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21 May 2013

Preparing for the next bubble

The real estate bubble burst of 2008 was generally caused by overpriced properties and mortgage problems. Many experts are now seeing that this won’t be the last as home values continue to reach uncontrollable levels. There are, however, methods to help prepare for a possible repeat.

To start with, a brief background of the previous housing collapse is important. During 2000, the average fixed rate mortgage dropped from 8.0 percent to 5.5 percent in 2003. This caused many homebuyers to borrow more than 25 percent. In 2000, in addition, data from the S&P/Case-Shiller showed that the average housing price index increased by 12 percent. This was later on followed by 65 percent increase in price in 2006. Eventually, the sharp spike spurred the housing burst, especially after the stock market crash. As a result, housing values declined by as much as 30 percent in 2009.

Some factors are to be blamed for the damage of the 2008 housing burst. First, the debt allowed several investors to enter the market. The low interest rates were attractive and those rates brought with them higher debt ceilings. These boundaries where raised even further by variable rate and interest-only loans.

Aside from the debt limit, tax incentives and capital gains added to the problem. The 1986 Tax Reform Act removed the deductibility of credit card interest. This caused homeowners to use their home equity loans more frequently. The Taxpayer Relief Act of 1997 also fueled the collapse by eliminating the $125,000 capital gains exclusion of sellers over 55 and instead placed a $250,000 exclusion.

These contributing factors helped hasten the housing collapse.

Currently, the country is seeing a strong performance in the real estate market. Compared with the labor market, the housing sector has been growing fast in since 2012. Many investors are experiencing advantages in this growth as profits and returns also increased. However, as many real estate properties become overpriced, investors are advised to tread the market carefully due to uncertainty in the future of the country’s economy. Interest rates may surge along with home values and some properties will be left unattractive.

How home values are set is an important consideration when looking into the possibility of a next bubble. A single-family home is typically priced in comparison to other homes in the area. Rental properties, on the other hand, are valued based on the returns it can produce for the owners. Lease terms, quality of the tenants, rent rolls, leverage and occupancy level, to name a few, are some of the factors included when assessing the value of a rental property.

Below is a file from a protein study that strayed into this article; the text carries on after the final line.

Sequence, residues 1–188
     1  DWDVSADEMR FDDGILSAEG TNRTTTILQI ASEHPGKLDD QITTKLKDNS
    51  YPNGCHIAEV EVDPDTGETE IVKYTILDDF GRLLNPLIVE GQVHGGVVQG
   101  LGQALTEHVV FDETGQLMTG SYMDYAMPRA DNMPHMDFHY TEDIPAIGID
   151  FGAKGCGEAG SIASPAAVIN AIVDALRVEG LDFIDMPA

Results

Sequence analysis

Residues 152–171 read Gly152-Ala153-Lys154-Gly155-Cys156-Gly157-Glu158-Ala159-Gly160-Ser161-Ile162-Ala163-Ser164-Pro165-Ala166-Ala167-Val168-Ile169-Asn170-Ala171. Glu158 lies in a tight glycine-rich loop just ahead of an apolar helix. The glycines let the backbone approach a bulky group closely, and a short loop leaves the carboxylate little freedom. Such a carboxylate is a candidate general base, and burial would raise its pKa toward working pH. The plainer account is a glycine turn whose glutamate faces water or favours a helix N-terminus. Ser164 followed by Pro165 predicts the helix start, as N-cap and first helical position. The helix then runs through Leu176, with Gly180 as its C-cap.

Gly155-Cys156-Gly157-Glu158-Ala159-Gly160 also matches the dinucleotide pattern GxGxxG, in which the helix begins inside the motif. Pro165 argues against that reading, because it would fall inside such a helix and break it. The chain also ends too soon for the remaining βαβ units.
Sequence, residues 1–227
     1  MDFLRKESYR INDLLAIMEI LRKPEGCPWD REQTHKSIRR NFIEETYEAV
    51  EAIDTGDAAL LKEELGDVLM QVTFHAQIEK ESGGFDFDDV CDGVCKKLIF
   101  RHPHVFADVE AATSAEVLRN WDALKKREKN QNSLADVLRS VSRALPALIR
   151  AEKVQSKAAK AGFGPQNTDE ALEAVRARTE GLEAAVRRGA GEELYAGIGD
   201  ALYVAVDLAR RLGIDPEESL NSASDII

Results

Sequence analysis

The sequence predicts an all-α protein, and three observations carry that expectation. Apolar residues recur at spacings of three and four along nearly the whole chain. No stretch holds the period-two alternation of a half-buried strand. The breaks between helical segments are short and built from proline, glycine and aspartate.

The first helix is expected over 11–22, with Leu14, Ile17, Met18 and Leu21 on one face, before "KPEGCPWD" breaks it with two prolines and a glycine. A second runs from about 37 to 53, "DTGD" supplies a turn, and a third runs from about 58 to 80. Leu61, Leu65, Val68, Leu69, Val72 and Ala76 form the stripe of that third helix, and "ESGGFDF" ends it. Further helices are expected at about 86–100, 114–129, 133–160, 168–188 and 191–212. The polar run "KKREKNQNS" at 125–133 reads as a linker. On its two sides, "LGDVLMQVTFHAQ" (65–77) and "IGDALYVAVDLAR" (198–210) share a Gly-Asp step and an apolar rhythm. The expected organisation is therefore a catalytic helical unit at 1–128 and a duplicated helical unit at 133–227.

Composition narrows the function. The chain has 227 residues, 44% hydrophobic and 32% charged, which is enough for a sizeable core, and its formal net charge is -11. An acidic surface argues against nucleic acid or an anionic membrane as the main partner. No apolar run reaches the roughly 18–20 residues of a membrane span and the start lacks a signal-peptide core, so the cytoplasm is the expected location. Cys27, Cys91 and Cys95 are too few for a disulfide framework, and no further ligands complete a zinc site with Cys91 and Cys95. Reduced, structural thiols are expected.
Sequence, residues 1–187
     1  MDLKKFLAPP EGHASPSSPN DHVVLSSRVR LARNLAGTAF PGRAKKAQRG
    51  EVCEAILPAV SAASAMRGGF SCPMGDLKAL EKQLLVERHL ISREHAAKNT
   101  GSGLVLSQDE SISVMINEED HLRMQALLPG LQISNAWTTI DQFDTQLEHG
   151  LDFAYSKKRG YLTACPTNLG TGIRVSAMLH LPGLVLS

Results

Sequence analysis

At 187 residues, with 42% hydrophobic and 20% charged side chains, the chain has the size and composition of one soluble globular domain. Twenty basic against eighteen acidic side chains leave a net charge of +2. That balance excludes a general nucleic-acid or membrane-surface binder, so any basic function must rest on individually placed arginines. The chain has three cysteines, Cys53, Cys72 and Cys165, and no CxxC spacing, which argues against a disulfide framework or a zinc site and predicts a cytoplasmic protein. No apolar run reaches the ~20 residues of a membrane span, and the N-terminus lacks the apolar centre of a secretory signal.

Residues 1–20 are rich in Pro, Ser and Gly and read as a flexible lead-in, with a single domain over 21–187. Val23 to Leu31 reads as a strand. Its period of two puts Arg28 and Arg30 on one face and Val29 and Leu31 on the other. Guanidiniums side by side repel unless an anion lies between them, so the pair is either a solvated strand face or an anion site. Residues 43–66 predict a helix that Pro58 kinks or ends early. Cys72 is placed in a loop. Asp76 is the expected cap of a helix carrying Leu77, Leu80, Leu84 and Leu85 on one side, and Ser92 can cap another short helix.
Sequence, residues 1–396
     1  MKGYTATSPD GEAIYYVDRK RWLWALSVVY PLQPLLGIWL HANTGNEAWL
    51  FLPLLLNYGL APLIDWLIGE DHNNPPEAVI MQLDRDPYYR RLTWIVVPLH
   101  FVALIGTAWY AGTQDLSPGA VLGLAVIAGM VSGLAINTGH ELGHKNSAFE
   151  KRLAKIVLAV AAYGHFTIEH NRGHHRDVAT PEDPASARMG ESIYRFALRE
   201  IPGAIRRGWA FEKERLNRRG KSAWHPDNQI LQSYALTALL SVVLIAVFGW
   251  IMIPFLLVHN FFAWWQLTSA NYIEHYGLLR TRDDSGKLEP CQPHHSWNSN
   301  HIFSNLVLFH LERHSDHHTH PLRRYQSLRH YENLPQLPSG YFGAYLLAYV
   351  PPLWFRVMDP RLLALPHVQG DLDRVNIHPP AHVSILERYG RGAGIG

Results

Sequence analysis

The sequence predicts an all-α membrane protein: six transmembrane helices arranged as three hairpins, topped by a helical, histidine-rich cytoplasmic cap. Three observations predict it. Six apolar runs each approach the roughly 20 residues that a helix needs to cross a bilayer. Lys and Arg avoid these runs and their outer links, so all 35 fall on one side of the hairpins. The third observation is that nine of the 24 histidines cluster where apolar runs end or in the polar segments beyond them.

One alternative, however, is given to assess the value of a portfolio. The net asset value method is commonly used for setting the price on real-estate holding companies. Through this method, the value can be determined by the company’s real estate assets, adjustments for other assets and removing liabilities. Furthermore, the NAV method is asset-based and focuses on the balance sheet. The goal is to convert all assets into cash and liabilities in order to arrive at a net asset value.

There are three steps in calculating the NAV:

  1. Cap rates for each rental property in the portfolio including the geographic considerations of the net operating income must be applied.
  2. Add assets and adjust if necessary.
  3. Deduct the liabilities to arrive at a net asset value.

After arriving at a net asset value, it is also crucial to accommodate for bankruptcy. Certain market conditions should be considered to help fully prepare for any unforeseeable outcome.

Debtors acquire enough space to cope with terrible market conditions in the event of a bankruptcy. There are several issues that must be understood before filing for bankruptcy. These may include the scope of the homestead exemptions, if there is equity or not, and how to protect other assets from the creditor.

Single asset real estate entities are also important considerations when dealing with bankruptcy. According to the Bankruptcy Code, a SARE is “a single property or project, other than residential real property with fewer than four residential units, which generates substantially all of the gross income of a debtor who is not a family farmer and on which no substantial business is being conducted by a debtor other than the business of operating the real property and activities incidental.”

Such considerations must be further analyzed in order to help shield those assets which can still be salvaged. Although the housing market is showing good signs of growth, there is still the question of whether a bubble can once again happen or not. Many experts believe that the current trend is already creating a mini-bubble. While there are still a few signs pointing towards that dismal directions, the most important thing to remember is to always be prepared. Understanding how the past real estate collapsed is crucial. Using that knowledge is another issue.

By Mark Michael Ferrer

Selda Kirkan
phone: +1.954.3056424